Offshore Wind is a hot topic in the energy industry, often generating heated debate among stakeholders in terms of its impact, benefit, and potential. Kieran Ivers, Chief Executive Officer at Green Rebel, explores the challenges and opportunities for offshore wind in Ireland.
Nothing we do on the ocean has zero impact. Everything from commercial fishing, transportation and shipping, to offshore wind development, leisure activity and anything else we do at sea, affects the marine environment.
That might seem like an odd opening for an advocate of offshore wind energy, yet it is an undeniable truth. At Green Rebel, our team of marine scientists and support staff is acutely aware of the impact offshore wind developments have on the ecology, commercial and amenity value of the marine environment. Collecting the best data available to help minimise that impact, while maximising the effectiveness of Ireland’s offshore wind installations, is the reason we exist.
Acknowledging the impact of offshore wind farms is important, but that does not make their development any less necessary. Offshore wind has a crucial role to play in the decarbonisation of Ireland’s energy economy and is a pivotal component of the Irish Government’s plans to combat the climate crisis and meet its sustainability energy commitments.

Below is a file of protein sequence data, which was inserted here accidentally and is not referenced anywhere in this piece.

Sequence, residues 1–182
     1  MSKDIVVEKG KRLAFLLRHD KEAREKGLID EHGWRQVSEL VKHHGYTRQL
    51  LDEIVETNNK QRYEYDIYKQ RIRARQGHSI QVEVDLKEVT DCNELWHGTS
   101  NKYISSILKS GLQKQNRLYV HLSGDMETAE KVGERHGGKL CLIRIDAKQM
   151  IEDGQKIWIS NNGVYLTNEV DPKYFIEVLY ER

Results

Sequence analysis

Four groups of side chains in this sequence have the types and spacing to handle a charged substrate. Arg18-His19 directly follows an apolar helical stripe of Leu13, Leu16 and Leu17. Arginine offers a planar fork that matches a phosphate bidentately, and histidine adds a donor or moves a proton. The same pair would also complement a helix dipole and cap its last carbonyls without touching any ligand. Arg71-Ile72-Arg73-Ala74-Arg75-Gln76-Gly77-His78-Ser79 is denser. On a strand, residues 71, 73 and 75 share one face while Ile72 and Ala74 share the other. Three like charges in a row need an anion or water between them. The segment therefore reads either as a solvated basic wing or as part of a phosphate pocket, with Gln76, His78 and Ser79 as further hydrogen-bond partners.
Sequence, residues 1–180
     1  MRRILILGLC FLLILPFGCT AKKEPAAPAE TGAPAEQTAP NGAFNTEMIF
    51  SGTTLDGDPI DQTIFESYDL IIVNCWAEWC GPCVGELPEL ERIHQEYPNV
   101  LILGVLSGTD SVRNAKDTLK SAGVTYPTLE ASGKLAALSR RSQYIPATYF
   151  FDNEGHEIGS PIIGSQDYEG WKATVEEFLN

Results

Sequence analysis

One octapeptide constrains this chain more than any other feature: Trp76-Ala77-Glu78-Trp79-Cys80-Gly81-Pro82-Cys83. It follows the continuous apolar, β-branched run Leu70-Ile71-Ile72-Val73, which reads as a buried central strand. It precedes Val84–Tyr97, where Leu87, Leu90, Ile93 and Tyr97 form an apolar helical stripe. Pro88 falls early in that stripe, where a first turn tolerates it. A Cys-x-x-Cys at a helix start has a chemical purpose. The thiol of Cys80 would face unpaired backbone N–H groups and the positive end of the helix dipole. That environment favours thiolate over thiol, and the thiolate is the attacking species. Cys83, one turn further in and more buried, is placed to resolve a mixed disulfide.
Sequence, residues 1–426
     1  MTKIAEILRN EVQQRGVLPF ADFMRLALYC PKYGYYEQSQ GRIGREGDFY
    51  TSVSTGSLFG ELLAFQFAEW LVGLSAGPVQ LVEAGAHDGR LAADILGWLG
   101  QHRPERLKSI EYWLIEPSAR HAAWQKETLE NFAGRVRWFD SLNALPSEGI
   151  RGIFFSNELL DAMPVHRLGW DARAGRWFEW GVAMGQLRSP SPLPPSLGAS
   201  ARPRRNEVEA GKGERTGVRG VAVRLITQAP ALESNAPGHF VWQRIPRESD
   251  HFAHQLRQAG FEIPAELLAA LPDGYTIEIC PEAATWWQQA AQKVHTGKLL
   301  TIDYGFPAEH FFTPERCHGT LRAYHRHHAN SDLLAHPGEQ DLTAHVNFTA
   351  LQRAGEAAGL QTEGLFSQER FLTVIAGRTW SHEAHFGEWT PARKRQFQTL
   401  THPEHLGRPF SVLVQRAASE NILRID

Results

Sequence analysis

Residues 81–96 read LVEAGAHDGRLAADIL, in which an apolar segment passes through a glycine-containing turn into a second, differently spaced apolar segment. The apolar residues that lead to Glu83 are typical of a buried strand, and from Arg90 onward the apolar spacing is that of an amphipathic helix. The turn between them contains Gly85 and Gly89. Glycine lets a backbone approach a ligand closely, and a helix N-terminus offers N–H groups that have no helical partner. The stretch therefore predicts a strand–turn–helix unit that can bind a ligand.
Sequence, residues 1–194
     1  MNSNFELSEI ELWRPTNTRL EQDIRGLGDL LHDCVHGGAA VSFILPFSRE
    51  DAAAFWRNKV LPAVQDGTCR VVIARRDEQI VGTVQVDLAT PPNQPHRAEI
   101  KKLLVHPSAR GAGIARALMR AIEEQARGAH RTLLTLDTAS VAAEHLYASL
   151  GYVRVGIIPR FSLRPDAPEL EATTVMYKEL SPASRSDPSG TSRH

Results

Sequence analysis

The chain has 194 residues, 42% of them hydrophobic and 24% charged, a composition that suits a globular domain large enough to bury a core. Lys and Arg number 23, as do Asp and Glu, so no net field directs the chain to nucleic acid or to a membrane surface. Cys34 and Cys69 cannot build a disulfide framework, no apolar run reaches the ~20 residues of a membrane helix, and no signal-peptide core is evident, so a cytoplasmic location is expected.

The Offshore Opportunity
This island’s position at the extreme north-west of Europe, perched on the edge of the North Atlantic, offers extraordinary potential to harvest wind energy. Ireland leads Europe in onshore wind capacity, and can legitimately claim to be one of the top countries worldwide in that space. Recent figures show around 38% of our electricity mix now comes from onshore wind.
When you consider Ireland has a sea area of some 490,000 square kilometres, or roughly seven times its landmass, the scale of the offshore wind opportunity becomes clear. While it is difficult to quantify, industry analysts estimate Ireland has long-term potential for up to 70 GW of ocean energy (combining wind, wave, and tidal) within 100 kilometres of its coastline. That means we have the resources to produce much more energy than we need. With the political will and vision, and intelligent investment in infrastructure and support services, Ireland could become a net exporter of energy: we could literally be the battery of Europe.